May 23, 2014
By Where Staff
Crystalline blue skies, forests of deep green, fiery red Indian paintbrush wildflowers and a vibrant yellow sun; nature paints the Canadian Rockies in radiant hues. Ammolite, a rare gemstone found only in southern Alberta, is imbued with these same brilliant colours.
Ammolite originates in the Bearpaw Formation east of the Rockies. This gemstone is made from ammonites, shelled creatures that inhabited inland seas 75 million years ago. The seas dried, millennia passed and the buried shells fossilized.
Blackfoot Indians gathered ammonites centuries ago; they believed the stones brought great fortune. In 1981 ammolite received official gem status from the World Jewellery Confederation (CIJBO).
A soft gem, ammolite often needs to be strengthened with stabilizers and reinforced with backing and capping. But sometimes ammolite fractured under the weight of the earth is sealed naturally with carbonate. ‘Natural’ ammolite is thick and not reinforced; it must be handled with care. More common are ‘doublets’ that have protective backs, and ‘triplets’ that also have a hard spinel or quartz cap on top.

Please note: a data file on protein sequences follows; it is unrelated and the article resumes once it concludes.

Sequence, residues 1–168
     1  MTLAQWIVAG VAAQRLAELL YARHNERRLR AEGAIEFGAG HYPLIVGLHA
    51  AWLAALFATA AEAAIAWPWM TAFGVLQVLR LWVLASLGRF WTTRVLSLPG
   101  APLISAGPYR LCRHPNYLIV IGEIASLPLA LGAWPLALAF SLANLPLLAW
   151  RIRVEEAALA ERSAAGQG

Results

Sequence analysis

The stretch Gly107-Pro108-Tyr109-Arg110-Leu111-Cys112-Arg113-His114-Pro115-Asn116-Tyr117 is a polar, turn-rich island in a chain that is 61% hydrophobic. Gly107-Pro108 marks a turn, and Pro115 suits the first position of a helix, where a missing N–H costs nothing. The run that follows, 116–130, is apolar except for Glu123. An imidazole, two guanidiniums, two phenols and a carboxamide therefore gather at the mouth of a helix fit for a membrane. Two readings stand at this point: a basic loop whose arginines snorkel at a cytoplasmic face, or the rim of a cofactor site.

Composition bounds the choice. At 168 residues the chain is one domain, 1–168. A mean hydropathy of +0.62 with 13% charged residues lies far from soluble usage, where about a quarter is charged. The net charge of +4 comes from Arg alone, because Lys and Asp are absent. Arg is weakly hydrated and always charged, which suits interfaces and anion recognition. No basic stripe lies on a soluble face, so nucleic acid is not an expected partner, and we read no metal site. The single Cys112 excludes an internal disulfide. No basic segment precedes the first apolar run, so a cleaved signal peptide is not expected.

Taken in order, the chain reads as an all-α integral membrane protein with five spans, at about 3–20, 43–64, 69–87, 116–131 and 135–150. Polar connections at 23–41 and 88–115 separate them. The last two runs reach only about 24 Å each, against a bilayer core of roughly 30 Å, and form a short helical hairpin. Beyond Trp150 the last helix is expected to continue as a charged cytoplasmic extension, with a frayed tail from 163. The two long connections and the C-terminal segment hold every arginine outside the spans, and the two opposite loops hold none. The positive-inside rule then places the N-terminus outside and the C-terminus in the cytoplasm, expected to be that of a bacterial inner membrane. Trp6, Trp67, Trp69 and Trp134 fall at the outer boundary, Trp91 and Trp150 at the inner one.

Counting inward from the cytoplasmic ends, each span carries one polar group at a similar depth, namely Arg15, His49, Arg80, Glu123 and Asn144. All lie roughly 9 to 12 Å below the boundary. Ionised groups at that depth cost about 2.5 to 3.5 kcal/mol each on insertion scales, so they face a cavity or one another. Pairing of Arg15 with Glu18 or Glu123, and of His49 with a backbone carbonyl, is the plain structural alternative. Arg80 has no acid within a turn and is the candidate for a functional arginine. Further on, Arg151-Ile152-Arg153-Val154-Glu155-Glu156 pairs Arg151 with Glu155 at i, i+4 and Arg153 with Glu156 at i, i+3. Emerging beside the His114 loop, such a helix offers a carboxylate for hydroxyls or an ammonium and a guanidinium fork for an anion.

More colourful ammolites command a higher price. Orange and green are more common than blue and purple. Multicolor stones are rare and more expensive than ammolite with only one or two colours. Valuable stones have sharp, bright colours that show brilliantly when angled in all directions. Natural patterns and textures give each ammolite stone a distinctive look, from smooth lustrous to unique fissure motifs.
While most people associate ammolite with jewellery, whole fossils and large chunks of polished ammolite can be displayed like sculptures.
Editor’s note: Local jewellers can share their knowledge of ammolite history, mining and manufacturing. They can provide advice to help you choose a stone that is right for you.